This is a question often used in job interviews. So, why not use it now as well? After all, he/she is applying to be your partner for life, a job that comes with complicated, ever-changing and numerous expectations. Knowing what they believe are their strengths and weakness will not only help you to divide responsibilities as a couple, it will enable you to get the most out of each other. The other person will know when to step back and let the other one lead because that is their strength. One partner will know when to pick up the slack when the other partner is in a situation they feel is their weakness. That’s what being a team is all about.
6. What makes you most afraid?
This might be something as simple as spiders. It might be as complicated as finding the courage to talk to your overbearing relatives. Whatever it is, knowing when your partner is afraid is knowing when they are most vulnerable and in need of your support.
7. What is your idea of perfect relaxation?
Big problems are obvious. But everyday annoyances are commonly overlooked as stressors. Screaming kids running around the house when you are trying to write your Infobarrel article and forgetting to leave the toilet seat down are examples of this. In fact, everyday annoyances that add up can contribute to heart disease, high blood pressure and high cortisol levels in the body. This can lead to lack of sleep and a constant state of agitation. Let your partner know when you need time alone. Let your partner know what relaxes you so that they can provide a haven for you to release that stress. One of the best things about being married is having someone on your corner to fight with you during tough times. The other great thing is, that once you have past those hurdles, you have periods in your life together where everything is bliss. Everything is happy. Enjoy those moments together.
8. Do you think you fight fair? Why?
There is nothing more irritating that hearing the phrase “You always….” or “Why do you never….”. This type of generalisation of your partner’s personality is unfair. I am, however, guilty of using this phrase. I try to remind myself in the heat of the argument that in fact, it’s not an “always” or “never” situation. It’s merely a “sometimes” or “this time” situation. When I focus on the current problem, not only does my anger level reduce but the solution seems much more simple. You might have a different definition of fighting fair. Your partner might have their own definition of fighting fair. Understanding the differences in these definitions is the key to open communication.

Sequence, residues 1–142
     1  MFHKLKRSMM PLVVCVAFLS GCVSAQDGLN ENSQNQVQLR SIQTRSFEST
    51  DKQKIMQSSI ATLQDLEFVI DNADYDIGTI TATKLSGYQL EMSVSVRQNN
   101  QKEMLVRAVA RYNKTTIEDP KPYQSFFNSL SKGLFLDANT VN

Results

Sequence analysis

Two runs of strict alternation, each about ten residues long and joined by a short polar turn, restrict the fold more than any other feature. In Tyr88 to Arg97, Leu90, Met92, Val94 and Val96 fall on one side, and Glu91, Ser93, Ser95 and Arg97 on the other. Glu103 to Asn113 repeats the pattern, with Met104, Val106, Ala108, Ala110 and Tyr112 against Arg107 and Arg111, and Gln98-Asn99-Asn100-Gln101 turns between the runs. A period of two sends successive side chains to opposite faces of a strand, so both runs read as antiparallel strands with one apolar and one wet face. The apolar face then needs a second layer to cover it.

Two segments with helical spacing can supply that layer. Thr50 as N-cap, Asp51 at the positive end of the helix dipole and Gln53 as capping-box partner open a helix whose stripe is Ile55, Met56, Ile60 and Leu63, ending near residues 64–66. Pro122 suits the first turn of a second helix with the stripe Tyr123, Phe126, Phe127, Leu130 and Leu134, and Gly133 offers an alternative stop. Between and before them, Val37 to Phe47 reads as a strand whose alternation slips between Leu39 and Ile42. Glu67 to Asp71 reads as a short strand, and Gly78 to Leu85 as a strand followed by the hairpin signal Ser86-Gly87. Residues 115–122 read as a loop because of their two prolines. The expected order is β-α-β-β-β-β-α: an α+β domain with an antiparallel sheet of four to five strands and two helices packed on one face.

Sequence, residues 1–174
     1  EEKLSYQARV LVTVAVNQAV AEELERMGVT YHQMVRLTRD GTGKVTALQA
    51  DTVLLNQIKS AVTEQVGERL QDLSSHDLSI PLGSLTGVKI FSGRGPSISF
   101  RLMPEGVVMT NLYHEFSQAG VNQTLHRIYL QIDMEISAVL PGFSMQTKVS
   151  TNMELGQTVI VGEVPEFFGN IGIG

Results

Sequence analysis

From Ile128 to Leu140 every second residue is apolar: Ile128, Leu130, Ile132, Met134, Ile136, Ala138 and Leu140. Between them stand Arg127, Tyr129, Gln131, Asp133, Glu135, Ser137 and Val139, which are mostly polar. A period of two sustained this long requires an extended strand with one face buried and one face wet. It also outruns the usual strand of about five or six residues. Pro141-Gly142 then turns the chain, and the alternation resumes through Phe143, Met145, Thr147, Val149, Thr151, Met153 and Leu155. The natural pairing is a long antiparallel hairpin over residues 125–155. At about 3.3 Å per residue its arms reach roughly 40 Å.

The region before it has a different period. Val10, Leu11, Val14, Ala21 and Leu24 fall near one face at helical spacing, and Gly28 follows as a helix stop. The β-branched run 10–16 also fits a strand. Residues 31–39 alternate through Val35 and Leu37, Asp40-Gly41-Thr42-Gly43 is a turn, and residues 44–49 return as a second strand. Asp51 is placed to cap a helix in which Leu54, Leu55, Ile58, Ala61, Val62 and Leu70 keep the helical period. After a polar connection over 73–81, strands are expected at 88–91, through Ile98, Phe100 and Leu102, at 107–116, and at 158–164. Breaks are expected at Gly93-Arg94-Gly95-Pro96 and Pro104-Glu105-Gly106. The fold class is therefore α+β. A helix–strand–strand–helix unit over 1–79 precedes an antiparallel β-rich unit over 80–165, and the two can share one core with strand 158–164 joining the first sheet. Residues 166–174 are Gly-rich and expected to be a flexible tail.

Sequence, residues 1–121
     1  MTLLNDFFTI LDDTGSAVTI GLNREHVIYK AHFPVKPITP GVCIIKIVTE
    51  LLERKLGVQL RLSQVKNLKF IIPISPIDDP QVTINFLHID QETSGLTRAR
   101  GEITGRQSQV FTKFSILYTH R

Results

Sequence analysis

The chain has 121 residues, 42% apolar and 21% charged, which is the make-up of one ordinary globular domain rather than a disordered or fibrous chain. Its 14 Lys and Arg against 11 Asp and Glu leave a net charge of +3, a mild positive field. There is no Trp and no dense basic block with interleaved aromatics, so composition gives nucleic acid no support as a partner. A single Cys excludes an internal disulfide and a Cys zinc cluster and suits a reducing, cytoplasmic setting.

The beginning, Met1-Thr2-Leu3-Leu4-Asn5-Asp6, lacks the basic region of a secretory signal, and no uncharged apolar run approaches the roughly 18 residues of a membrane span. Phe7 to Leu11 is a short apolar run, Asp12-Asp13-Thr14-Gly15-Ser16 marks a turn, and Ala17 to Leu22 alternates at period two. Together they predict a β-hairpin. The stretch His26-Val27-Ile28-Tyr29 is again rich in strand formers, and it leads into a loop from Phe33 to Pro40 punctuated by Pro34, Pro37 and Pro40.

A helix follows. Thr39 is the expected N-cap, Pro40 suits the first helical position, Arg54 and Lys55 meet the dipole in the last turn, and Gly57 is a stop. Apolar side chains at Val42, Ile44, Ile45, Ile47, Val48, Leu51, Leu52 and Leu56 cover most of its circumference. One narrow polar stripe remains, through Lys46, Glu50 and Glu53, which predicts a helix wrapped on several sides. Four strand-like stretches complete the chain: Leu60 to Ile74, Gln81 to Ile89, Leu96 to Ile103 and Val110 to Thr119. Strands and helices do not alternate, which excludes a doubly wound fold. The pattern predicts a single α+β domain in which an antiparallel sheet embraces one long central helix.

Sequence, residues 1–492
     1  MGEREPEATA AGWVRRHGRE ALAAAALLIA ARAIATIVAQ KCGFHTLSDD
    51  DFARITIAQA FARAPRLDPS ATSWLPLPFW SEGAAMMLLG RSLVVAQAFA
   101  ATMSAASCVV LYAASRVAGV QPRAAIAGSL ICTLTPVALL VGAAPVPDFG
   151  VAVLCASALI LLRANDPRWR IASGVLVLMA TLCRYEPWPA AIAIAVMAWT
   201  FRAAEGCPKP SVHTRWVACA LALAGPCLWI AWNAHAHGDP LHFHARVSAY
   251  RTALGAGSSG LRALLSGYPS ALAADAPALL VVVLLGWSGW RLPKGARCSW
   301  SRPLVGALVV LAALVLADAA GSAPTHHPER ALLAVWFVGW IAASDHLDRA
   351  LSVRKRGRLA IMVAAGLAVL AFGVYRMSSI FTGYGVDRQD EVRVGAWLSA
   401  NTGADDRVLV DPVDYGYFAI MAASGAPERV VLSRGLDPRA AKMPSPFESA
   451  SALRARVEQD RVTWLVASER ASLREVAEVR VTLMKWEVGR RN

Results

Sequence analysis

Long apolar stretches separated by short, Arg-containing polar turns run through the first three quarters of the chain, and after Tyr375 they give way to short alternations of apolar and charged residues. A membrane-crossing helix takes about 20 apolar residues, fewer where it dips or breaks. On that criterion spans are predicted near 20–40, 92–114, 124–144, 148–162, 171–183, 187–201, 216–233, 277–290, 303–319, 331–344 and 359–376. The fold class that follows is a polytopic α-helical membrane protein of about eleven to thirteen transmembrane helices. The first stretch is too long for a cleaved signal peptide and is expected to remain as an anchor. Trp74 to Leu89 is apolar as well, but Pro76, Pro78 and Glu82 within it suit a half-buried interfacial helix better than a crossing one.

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9. Do you believe that marriages are stronger if a woman defers to her husband in most areas?
This is again an obvious source of conflict if not anticipated early. When there is a boss and there is a follower, then things might be smooth-sailing as roles are easily divided. But that boss or that follower might not want to be in that role. Maybe the boss feels undue responsibility on their shoulders. Maybe the follower wants to be the boss. In many cultures, the woman is still expected to submit to her husband. She might need her husband’s consent to apply for a job, to have an operation done, to go out with her friends or even leave the house. But in this era of feminism, many women want to be seen as equals. It would prevent a lot of miscommunications in the future if this was discussed beforehand.
10. How important is it to you to celebrate anniversaries, birthdays, etc?
I’m sure you have seen many jokes, articles or memes on the internet about how husbands forget their anniversaries and suffer the wrath of their wives. But wives can be guilty of forgetting too. Ask your partner if it’s important that they receive a gift every year. Is it the everyday smiles and little thank-you notes at home which they prefer or do they crave the lavish attention and gratitude that comes with celebrating yearly anniversaries? This is not to say of course that you have to choose one or the other! You can always acknowledge yearly anniversaries and still have daily mini celebrations at home.
Questions 11-20 will be in part 2 of the article. Remember, keep an open mind. Happy interrogating!